It's an interesting topic, and it's the theme of the book I just turned in to New World Library for publication by them in 2010, "Sin, Sex and Zen." I got a lot of really good questions, too. I like answering questions from the audience because I feel like that's where I can get some connection to what people actually want to talk about.

I'm not good at recalling my own talks, which is why I've been video taping most of them lately. The last question was interesting, though. A guy asked how had sex helped my Buddhist practice. It was interesting because until he'd asked that I'd always thought of the flow going in only the opposite direction, how Buddhism had been useful in my own dealings regarding sexuality.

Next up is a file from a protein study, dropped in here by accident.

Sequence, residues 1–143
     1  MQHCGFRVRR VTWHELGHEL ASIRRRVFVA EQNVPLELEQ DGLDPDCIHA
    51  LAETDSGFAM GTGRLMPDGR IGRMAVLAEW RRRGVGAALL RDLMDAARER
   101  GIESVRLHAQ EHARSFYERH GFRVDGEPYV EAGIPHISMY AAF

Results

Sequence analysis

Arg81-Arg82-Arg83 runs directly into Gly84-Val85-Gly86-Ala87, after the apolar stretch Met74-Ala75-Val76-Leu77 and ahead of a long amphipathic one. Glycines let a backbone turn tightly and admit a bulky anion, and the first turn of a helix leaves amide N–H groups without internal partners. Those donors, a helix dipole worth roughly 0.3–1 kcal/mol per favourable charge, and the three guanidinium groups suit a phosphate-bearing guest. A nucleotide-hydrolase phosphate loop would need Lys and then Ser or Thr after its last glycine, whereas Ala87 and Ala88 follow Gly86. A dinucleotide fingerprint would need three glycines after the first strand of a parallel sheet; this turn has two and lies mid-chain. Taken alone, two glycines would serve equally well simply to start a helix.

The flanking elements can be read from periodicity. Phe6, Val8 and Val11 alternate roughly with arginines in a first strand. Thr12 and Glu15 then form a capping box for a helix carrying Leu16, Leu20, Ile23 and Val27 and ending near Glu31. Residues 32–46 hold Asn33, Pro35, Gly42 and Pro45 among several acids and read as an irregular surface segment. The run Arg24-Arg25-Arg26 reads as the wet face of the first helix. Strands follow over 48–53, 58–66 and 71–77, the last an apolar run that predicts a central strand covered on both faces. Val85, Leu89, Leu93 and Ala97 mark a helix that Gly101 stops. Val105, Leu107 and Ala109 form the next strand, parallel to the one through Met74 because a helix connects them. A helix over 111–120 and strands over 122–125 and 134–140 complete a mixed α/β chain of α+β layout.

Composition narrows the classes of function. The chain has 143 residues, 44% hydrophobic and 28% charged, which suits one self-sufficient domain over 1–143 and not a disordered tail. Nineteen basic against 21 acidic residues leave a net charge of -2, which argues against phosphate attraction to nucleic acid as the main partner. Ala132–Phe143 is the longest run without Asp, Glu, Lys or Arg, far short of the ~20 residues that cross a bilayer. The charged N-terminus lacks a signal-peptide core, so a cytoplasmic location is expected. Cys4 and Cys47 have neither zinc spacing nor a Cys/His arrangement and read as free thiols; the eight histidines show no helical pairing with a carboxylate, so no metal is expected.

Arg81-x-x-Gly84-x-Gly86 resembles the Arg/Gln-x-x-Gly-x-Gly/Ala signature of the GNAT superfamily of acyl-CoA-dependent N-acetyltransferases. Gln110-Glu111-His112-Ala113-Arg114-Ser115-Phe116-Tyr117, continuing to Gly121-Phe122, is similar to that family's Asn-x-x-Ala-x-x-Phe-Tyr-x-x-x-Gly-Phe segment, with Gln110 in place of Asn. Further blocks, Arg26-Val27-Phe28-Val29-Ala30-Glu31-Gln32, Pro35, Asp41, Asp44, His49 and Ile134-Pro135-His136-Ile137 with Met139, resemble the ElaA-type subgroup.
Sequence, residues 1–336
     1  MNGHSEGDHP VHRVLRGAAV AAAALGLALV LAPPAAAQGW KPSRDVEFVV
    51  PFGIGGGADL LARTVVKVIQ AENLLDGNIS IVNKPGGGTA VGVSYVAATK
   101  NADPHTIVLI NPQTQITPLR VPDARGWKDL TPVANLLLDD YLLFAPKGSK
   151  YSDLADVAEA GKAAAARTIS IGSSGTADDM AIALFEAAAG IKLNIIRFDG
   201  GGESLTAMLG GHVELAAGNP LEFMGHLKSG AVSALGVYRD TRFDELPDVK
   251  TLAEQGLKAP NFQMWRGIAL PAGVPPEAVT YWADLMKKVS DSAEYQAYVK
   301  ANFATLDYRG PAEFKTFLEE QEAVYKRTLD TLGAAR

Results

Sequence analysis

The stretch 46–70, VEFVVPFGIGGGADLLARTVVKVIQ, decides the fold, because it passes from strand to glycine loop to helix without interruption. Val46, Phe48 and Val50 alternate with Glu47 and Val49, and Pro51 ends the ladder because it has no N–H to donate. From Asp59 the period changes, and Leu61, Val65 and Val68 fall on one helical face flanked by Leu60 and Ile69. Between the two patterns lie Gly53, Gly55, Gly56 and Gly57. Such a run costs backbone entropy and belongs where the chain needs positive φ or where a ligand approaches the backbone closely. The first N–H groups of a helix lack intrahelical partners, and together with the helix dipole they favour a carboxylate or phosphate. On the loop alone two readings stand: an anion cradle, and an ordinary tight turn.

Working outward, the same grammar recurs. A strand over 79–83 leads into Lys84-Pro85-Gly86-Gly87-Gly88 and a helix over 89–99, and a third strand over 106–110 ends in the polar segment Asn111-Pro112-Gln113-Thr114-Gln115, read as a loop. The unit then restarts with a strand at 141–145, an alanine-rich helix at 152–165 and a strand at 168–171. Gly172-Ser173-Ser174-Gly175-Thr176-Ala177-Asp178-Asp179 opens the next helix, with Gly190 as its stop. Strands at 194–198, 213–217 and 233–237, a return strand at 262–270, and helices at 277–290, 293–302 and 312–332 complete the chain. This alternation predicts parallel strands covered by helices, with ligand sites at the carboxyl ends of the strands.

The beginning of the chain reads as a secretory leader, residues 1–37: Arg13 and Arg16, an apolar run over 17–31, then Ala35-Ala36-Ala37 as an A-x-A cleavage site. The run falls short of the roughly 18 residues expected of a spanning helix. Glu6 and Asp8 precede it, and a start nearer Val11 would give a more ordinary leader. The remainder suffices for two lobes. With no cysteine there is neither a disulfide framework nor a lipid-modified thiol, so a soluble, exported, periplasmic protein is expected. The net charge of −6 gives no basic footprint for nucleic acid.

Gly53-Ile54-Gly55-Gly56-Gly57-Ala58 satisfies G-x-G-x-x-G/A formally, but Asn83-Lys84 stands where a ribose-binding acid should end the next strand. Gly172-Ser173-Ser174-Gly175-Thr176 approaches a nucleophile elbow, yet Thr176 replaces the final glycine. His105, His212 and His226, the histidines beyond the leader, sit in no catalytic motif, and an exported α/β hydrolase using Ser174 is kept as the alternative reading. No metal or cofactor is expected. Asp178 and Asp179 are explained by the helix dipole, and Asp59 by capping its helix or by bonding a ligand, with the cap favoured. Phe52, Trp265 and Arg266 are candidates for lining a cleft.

My sex life and my Buddhist life began at more or less the same time. So nearly all of my sexual relationships have been affected by my practice. It's clear that this philosophy and practice have had an impact on how sex has worked out for me. But as for how sex has benefited my practice... that's another question.

I am not celibate. I can see the potential benefits of celibacy. But I can also see a lot of potential problems. And as far as my own life is concerned, the problems of celibacy appear to outweigh its potential benefits. I feel like I, personally, would be less peaceful and more unbalanced as a celibate. Though I could be wrong. I've never tried celibacy. At least not by choice.